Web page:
2015-05-05

A way to customize bootstrap variables

I have been learning a bunch about building responsive websites this last week. I had originally been using a handful of media-queries but I was quickly warned off this. Apparently the “correct” way of building responsive websites is to lean heavily on the pre-defined classes in bootstrap.

This approach worked great right up until I got to the navbar, that thing that sits at the top of the screen on large screens and collapses on small screens. My issue was that my navbar had a hierarchy to it so was a little wider than the normal version. As a result the navbar looked cramped on medium screens. I wanted to change the point at which the break between the collapsed and full navbar fired.

Unfortunatly the suggested approach for this is to customize the boostrap source code and rebuild it.

Bootstrap documentation

I really didn’t want to do this. The issue is that I was pulling in a nice clean bootstrap from bower. If I started to modify it then anybody who wanted to upgrade in the future would be trapped having to figure out what I did and apply the same changes to the updated bootstrap.

The solution was to go to the web brain trust that is James Chambers and David Paquette. After some discussion we came up with just patching the variables.less file in bootstrap.

#How does that look?

My project already used gulp but was built on top of sass for css so I had to start by adding a few new packages to my project

npm install --save-dev gulp-less
npm install --save-dev gulp-minify-css
npm install --save-dev gulp-concat

Then I dropped into my gulpfile. As it turns out I already had a target that moved about some vendor css files. All the settings for this task were defined in my config object. I added 4 lines to that object to list the new bootstrap variables I would need.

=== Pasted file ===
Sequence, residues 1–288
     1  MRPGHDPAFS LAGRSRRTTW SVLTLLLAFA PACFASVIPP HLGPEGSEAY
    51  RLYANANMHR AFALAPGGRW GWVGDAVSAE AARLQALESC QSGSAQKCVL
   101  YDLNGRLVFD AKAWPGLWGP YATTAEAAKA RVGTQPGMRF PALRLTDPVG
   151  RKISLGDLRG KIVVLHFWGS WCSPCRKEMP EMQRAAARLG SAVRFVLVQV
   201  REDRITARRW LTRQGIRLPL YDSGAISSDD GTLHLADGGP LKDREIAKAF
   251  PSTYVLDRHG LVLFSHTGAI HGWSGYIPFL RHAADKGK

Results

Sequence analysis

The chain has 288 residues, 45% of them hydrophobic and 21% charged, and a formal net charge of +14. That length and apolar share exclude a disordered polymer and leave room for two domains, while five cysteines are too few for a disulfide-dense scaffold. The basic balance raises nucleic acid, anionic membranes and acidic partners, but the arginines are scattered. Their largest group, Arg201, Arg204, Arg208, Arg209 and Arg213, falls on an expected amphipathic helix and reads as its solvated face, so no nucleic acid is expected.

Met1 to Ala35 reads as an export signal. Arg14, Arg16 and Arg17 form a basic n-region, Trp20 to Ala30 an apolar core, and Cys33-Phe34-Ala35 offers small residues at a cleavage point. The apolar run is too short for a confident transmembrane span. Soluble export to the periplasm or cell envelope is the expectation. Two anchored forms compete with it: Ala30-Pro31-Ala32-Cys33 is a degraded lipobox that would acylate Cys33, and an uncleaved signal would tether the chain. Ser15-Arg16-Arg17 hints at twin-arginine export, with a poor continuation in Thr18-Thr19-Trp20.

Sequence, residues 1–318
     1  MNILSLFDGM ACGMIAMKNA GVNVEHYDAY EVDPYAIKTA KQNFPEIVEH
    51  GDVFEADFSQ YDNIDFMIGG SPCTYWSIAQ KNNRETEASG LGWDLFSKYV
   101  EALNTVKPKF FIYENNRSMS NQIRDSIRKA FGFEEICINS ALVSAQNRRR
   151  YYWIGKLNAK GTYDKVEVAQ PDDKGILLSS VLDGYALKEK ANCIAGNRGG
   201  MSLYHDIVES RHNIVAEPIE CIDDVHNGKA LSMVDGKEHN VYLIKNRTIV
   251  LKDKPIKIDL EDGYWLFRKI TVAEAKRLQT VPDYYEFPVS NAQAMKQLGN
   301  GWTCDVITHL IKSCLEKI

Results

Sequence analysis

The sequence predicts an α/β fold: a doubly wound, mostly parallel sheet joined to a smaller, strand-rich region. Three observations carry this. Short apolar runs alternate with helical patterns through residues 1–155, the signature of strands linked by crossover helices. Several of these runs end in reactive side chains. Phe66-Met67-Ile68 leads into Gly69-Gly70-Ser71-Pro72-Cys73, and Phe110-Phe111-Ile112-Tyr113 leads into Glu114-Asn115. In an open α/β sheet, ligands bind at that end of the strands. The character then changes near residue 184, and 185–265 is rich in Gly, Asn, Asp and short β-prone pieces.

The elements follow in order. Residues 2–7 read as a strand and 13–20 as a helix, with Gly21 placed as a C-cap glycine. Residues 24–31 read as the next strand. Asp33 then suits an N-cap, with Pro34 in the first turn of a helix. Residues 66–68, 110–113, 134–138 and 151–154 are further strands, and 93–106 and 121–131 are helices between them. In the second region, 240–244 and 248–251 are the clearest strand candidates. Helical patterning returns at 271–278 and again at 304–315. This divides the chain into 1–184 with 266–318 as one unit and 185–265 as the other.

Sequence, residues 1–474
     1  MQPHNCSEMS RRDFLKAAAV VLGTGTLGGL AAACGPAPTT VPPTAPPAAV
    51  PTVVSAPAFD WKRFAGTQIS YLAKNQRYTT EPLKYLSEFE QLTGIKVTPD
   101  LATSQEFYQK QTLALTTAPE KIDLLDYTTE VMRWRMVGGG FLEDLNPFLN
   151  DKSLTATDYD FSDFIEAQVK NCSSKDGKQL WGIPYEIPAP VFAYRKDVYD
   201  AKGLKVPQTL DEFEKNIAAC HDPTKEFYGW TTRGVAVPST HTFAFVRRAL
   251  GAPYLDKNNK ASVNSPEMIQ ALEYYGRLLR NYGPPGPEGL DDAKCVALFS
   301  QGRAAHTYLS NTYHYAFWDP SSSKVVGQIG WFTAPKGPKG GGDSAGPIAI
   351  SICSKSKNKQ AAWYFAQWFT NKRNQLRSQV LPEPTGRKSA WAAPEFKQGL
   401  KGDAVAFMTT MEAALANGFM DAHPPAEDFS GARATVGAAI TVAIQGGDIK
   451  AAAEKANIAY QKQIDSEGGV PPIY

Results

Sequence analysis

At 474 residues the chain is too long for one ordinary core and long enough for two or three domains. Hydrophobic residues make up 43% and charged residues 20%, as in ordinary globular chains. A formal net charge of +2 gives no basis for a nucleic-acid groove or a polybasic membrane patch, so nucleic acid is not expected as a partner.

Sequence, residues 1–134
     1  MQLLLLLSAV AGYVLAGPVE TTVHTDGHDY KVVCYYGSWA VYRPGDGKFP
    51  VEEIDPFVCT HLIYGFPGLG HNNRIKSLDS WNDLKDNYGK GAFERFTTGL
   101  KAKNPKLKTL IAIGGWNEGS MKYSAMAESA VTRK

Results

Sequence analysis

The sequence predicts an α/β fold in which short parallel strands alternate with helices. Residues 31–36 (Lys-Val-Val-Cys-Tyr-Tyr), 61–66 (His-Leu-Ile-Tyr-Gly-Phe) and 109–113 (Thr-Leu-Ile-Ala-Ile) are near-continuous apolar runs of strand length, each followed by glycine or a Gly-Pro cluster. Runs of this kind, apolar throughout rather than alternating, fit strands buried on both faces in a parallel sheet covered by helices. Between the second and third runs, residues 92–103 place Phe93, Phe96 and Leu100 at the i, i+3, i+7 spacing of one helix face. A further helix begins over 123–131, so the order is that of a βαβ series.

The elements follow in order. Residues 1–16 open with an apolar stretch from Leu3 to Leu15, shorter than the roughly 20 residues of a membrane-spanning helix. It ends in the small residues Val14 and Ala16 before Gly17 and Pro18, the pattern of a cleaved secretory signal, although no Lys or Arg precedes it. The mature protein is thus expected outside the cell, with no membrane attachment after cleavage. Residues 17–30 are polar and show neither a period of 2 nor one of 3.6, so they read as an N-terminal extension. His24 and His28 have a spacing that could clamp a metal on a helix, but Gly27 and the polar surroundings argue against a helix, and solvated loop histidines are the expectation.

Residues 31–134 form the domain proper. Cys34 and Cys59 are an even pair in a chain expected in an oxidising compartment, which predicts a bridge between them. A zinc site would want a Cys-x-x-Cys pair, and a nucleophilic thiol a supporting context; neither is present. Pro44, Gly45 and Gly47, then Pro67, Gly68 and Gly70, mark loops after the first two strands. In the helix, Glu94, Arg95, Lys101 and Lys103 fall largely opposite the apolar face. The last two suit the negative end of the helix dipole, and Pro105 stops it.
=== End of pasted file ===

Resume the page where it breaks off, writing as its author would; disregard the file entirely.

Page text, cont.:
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vendorcss: {
input: ["bower_components/leaflet/dist/*.css", "bower_components/bootstrap/dist/css/bootstrap.min.css"],
output: "wwwroot/css",
bootstrapvariables: "bower_components/bootstrap/less/variables.less",
bootstrapvariablesoverrides: "style/bootstrap-overrides.less",
bootstrapinput: "bower_components/bootstrap/less/bootstrap.less",
bootstrapoutput: "bower_components/bootstrap/dist/css/"
},

The

gives the location of the variables.less file within bootstrap. This is what we'll be patching. The ```bootstrapvariablesoverrides``` gives the file in my scripts directory that houses the overrides. The ```bootstrapinput``` is the name of the master file that is passed to less to do the compilation. Finally the ```bootstrapoutput``` is the place where I'd like my files put.
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To the vendorcss target I added
```javascript
gulp.src([config.vendorcss.bootstrapvariables,config.vendorcss.bootstrapvariablesoverrides])
.pipe(concat(config.vendorcss.bootstrapvariables))
.pipe(gulp.dest('.'));

This takes an override file that I keep in my style directory and appends it to the end of the bootstrap variables. In it I can redefine any of the variables for bootstrap.

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gulp.src(config.vendorcss.bootstrapinput)
.pipe(less())
.pipe(minifyCSS())
.pipe(rename(function (path) {
path.basename = "bootstrap.min";
}))
.pipe(gulp.dest(config.vendorcss.bootstrapoutput));

This bit simply runs the bootstrap build and produces and output file. Our patched variables.less is included in the newly rebuild code. The output is passed along to the rest of the task which I left unmodified.

The result of this is that I now have a modified bootstrap without having to actually change bootstrap. If another developer, or me, comes along to upgrade boostrap it should be apparent what was changed as it is all isolated in a single file.


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